The city of Bologna, located in northern Italy midway between Milan and Florence, is a crossroads for people and goods between the country’s north and south. It is the capital of the Emilia-Romagna region with a population of 375,000, which rises to almost 1 million in the wider metropolitan area. The city’s biggest employers are manufacturing, trade and construction. It also has a large number of co-operative organisations. Bologna provides good quality health care, pre-school education, social, cultural and sports services and is actively involved in several international projects. Yet it has had to face rising unemployment, over 6%, and an ageing population due to its low birth rate.
The city is a centre of entrepreneurship, culture, research and development—with a student population of 63,000. Bologna is a highly cultured city with an important built heritage. Its historical centre is still very well preserved and contains important Medieval, Renaissance, and Baroque artistic monuments. Its tenure as European Capital of Culture in 2000 boosted the city’s lively arts scene, and it has many museums, bookshops, theatres and festivals. In 2008, cultural and creative industries represented almost 8% of companies in Emilia-Romagna.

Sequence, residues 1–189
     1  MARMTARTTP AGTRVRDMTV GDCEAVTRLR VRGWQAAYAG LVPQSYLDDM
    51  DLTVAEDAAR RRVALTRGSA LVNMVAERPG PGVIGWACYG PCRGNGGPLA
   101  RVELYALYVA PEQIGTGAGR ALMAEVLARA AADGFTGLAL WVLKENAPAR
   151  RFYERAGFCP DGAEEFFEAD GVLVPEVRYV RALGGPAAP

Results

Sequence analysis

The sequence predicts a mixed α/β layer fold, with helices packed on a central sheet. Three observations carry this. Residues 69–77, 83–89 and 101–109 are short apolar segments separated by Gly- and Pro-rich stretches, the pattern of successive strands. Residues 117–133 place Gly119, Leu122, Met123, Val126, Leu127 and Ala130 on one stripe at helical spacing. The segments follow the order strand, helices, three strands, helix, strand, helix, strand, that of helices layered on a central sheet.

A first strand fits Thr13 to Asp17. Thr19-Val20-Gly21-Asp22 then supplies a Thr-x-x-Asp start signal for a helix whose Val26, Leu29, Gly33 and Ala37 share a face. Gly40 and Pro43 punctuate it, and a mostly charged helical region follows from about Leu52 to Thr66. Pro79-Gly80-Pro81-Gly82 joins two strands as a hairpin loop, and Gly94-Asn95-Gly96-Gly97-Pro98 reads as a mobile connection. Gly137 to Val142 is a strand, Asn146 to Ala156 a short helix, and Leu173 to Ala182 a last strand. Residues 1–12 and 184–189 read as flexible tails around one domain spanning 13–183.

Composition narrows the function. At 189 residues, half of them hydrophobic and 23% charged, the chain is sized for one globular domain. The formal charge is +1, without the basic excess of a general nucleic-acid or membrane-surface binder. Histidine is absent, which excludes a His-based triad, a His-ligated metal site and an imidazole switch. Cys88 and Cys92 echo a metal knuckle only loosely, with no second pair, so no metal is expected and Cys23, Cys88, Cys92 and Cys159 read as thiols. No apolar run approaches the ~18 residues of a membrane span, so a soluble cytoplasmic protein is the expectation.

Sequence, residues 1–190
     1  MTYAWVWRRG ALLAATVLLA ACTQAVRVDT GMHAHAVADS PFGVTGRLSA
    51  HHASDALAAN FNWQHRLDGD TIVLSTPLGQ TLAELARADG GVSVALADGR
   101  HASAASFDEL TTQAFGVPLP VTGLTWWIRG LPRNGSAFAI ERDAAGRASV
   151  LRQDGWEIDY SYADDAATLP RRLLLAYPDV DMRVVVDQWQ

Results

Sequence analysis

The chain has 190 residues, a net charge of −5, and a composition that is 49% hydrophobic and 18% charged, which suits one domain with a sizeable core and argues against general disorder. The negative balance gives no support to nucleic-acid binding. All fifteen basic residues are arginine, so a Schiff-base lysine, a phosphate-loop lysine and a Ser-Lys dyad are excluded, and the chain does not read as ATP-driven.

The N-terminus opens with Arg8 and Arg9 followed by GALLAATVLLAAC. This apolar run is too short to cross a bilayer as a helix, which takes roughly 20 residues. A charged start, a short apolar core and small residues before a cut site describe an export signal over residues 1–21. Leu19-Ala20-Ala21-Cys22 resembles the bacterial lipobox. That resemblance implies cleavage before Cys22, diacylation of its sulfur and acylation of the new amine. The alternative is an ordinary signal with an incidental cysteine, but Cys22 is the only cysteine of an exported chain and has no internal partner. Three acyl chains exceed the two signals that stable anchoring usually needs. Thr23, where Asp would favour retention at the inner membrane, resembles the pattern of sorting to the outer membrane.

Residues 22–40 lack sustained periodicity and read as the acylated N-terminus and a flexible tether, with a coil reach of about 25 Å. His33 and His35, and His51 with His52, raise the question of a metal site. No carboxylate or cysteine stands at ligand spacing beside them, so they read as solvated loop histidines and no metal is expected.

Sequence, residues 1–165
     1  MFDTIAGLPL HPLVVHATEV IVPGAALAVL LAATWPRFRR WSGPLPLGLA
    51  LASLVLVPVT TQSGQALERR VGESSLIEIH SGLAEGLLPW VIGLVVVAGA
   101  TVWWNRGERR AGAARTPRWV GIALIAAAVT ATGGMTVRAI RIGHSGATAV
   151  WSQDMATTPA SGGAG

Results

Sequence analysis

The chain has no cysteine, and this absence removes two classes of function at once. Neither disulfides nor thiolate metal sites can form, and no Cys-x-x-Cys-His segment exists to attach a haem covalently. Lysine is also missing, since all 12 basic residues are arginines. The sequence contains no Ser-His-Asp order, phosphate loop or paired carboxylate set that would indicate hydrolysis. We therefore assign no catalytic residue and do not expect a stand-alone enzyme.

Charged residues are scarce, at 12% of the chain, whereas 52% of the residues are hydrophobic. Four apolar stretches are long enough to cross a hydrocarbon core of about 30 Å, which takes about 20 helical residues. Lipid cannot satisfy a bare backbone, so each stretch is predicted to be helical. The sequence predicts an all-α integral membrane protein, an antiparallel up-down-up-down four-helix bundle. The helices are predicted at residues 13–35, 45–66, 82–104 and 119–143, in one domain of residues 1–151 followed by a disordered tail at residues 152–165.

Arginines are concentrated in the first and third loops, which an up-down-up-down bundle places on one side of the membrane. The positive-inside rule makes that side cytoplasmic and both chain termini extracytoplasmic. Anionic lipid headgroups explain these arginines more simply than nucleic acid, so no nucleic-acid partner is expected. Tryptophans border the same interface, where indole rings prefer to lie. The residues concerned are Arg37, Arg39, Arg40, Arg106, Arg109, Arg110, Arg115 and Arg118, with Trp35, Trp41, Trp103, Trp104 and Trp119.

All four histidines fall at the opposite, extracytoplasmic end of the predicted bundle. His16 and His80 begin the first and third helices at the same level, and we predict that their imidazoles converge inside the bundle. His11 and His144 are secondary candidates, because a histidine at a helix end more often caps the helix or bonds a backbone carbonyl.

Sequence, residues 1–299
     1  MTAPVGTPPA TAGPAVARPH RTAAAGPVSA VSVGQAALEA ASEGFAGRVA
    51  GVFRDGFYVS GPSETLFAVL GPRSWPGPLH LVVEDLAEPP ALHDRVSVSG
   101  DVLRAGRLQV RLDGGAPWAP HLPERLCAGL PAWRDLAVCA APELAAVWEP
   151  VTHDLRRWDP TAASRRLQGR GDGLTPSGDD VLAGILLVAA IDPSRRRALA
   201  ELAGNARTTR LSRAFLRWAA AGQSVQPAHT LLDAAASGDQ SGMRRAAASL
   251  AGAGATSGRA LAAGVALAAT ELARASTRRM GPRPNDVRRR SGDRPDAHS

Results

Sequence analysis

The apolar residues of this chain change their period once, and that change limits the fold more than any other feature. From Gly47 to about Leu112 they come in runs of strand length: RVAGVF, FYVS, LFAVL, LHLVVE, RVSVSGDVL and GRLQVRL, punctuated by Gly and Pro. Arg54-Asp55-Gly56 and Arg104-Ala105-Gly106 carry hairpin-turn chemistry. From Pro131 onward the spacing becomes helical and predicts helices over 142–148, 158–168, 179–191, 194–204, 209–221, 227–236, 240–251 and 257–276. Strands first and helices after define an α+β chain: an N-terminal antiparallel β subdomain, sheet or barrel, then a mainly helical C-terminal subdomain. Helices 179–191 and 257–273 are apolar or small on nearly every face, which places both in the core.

The University of Bologna is the oldest in the Western world, while the music college—the G.B. Martini Conservatoire—is one of the oldest in Italy. Bologna also hosts the internationally important Cineca, Italy’s largest computing centre, made up of a consortium of Italian universities.
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